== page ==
Hampden County Sheriff Michael Ashe ( at left) seen here congratulating Springfield Police Commissioner William Fitchet on his recent retirement was honored at the White House for pioneering programs to help former inmates re-enter society
The longest serving sheriff in Massachusetts was honored at the White House today for his pioneering work helping local jail inmates re-enter society.
Hampden County Sheriff Michael Ashe was honored as one of 16 so-called “Champions of Change.” The program was created by the White House as an opportunity to highlight individuals who do extraordinary things to empower and inspire people in their communities. Ashe was introduced along with the other honorees by U.S. Attorney General Eric Holder.
Massachusetts has launched an initiative to reduce recidivism by signing a contract for the largest pay-for-success financial investment in the country. The goal is to improve the lives of nearly 400 at-risk youth in western Massachusetts, reduce crime, and save taxpayers money.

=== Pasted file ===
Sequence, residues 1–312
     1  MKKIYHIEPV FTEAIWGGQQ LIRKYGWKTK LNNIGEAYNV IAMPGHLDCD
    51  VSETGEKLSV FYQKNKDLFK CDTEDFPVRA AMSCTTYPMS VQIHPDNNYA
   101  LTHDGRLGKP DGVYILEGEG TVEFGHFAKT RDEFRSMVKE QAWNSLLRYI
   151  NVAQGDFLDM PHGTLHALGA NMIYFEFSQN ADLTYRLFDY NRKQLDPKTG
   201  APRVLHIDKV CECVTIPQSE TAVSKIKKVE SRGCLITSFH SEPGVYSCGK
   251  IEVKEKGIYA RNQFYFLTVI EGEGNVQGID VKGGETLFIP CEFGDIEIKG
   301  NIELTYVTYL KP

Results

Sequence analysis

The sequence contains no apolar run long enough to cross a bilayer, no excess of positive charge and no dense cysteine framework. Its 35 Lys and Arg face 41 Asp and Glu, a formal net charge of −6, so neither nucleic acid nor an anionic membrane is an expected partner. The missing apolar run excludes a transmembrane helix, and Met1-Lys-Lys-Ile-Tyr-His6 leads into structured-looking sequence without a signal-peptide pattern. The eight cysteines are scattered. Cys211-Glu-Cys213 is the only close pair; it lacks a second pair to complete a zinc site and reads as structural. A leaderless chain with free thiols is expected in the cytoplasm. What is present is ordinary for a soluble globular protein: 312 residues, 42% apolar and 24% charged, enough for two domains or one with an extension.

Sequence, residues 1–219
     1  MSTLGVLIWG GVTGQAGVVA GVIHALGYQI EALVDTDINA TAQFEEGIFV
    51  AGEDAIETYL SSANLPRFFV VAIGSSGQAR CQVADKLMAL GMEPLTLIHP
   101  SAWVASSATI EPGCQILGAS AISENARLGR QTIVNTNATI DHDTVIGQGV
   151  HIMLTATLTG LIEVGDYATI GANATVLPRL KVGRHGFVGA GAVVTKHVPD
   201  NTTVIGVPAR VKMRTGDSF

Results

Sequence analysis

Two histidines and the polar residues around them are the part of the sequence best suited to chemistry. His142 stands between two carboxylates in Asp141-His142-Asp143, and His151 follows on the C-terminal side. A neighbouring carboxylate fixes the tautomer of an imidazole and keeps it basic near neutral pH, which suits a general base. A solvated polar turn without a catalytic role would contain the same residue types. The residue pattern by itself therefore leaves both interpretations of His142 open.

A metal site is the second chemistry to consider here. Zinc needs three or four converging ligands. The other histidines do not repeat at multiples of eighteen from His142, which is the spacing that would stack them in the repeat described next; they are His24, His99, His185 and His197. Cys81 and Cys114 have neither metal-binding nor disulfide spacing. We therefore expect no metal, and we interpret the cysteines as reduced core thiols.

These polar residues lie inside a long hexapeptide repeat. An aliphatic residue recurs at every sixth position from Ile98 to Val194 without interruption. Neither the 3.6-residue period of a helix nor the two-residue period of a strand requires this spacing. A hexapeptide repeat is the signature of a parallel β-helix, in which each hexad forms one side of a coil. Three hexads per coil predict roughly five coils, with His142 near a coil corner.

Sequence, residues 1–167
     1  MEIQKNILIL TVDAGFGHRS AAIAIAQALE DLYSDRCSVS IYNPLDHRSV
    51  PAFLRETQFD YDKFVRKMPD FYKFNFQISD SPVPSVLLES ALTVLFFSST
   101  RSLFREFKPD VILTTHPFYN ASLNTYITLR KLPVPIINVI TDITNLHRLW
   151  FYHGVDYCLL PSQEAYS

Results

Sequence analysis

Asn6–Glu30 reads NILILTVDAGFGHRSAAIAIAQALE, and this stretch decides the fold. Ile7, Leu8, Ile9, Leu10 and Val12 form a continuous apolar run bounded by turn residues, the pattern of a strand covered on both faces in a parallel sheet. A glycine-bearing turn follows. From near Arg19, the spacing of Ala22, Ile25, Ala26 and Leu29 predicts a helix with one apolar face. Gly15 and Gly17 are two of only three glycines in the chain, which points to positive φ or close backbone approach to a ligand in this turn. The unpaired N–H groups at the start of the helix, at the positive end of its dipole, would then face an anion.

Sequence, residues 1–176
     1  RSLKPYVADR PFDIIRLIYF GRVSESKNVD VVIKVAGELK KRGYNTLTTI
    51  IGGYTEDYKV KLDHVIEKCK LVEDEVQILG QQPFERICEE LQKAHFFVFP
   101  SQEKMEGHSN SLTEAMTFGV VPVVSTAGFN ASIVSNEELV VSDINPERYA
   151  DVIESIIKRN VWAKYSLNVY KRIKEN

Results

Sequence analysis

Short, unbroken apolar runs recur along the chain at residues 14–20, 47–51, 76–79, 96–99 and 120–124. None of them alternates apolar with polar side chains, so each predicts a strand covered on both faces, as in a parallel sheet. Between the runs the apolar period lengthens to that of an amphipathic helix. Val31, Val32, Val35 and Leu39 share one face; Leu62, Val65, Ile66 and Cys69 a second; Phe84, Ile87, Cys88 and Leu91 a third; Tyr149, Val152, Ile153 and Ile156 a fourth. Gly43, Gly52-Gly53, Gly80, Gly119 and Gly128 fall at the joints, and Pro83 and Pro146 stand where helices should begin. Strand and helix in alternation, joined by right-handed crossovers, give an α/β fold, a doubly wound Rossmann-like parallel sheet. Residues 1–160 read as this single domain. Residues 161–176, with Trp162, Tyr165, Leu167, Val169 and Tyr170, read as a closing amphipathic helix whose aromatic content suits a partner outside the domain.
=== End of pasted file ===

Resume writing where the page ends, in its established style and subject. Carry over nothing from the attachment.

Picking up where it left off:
Massachusetts will pay millions of dollars to Roca if the non-profit organization succeeds in reducing the number of days young men referred to its program spend in jail. The greater the success, the higher the payments – up to $27 million.
A program that has reduced recidivism rates was praised today by Massachusetts Governor Deval Patrick. The governor toured the program operated by the office of Hampden County Sheriff Michael Ashe.
Since 2007, the Hampden County Sheriff’s office has operated a one-stop center for newly released inmates. Located in a nondescript one- story brick building in a tough Springfield neighborhood, the center helps former inmates transition back into the community with a range of support services.